When getting there is not enough: a nationwide cross-sectional study of 998 maternal deaths and 1451 near misses in public tertiary hospitals in a low-income country.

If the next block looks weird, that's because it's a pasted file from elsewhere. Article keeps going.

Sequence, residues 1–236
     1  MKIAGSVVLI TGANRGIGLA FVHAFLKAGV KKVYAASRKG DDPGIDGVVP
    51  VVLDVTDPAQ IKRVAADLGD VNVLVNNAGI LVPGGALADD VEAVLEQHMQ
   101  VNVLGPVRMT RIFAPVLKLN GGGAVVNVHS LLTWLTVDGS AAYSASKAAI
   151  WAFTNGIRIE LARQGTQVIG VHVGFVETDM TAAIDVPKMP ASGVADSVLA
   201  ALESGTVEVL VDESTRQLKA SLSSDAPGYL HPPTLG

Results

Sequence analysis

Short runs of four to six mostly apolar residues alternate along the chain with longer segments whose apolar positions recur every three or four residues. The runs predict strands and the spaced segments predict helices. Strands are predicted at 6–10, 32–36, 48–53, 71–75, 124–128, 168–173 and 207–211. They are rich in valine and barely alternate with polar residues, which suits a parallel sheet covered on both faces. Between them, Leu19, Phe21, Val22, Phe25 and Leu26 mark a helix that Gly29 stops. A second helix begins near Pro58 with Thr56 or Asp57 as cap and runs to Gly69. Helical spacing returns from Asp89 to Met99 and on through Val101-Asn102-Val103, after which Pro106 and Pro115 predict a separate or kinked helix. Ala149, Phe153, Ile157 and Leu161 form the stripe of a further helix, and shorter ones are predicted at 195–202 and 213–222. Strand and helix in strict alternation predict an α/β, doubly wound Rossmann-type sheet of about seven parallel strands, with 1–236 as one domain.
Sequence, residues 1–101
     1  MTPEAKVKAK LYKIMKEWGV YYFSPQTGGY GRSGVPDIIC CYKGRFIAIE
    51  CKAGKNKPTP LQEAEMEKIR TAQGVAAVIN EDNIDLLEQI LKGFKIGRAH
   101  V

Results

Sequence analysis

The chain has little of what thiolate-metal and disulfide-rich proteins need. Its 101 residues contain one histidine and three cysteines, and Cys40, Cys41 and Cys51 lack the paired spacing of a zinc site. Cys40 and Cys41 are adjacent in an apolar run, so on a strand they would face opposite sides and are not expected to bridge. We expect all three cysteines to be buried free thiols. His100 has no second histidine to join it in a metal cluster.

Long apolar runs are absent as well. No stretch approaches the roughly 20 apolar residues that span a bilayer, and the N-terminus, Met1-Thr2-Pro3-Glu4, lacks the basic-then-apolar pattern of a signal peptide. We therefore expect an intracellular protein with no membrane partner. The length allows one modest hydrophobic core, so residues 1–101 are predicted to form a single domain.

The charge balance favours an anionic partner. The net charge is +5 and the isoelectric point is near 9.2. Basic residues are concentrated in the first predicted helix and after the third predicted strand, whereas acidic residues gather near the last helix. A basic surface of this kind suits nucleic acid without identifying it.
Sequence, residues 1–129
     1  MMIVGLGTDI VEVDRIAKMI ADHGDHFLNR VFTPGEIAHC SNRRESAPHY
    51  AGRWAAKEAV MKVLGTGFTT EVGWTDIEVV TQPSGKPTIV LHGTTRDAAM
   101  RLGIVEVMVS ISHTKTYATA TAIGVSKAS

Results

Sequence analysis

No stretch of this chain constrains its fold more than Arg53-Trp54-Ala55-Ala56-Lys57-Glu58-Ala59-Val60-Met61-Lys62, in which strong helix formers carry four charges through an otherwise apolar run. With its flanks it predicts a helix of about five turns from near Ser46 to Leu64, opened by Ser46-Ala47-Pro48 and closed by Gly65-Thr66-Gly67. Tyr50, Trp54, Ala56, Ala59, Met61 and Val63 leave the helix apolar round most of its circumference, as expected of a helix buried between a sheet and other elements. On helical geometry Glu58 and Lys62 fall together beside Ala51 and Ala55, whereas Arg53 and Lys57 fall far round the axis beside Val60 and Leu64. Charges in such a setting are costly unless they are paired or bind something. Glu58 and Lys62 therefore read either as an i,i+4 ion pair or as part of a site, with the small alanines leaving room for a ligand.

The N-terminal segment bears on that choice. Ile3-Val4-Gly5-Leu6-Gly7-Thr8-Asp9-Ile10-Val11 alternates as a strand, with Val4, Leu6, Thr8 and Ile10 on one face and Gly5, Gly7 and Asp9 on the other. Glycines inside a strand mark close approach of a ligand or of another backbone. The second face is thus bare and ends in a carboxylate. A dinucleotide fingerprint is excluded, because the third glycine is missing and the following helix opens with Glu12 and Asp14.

Objective To investigate the burden and causes of life-threatening maternal complications and the quality of emergency obstetric care in Nigerian public tertiary hospitals. Design Nationwide cross-sectional study. Setting Forty-two tertiary hospitals. Population Women admitted for pregnancy, childbirth and puerperal complications. Methods All cases of severe maternal outcome (SMO: maternal near-miss or maternal death) were prospectively identified using the WHO criteria over a 1-year period. Main outcome measures Incidence and causes of SMO, health service events, case fatality rate, and mortality index (% of maternal death/SMO). Results Participating hospitals recorded 91 724 live births and 5910 stillbirths. A total of 2449 women had an SMO, including 1451 near-misses and 998 maternal deaths (2.7, 1.6 and 1.1% of live births, respectively). The majority (91.8%) of SMO cases were admitted in critical condition. Leading causes of SMO were preeclampsia/ eclampsia (23.4%) and postpartum haemorrhage (14.4%). The overall mortality index for life-threatening conditions was 40.8%. For all SMOs, the median time between diagnosis and critical intervention was 60 minutes (IQR: 21– 215 minutes) but in 21.9% of cases, it was over 4 hours. Late (35.3%), lack of health insurance (17.5%) and nonavailability of blood/blood products (12.7%) were the most frequent problems associated with deficiencies in care. Conclusions Improving the chances of maternal survival wouldnot only require timely application of life-saving interventions but also their safe, efficient and equitable use. Maternal mortality reduction strategies in Nigeria should address the deficiencies identified in tertiary hospital care and prioritise the prevention ofsevere complications at lower levels of care.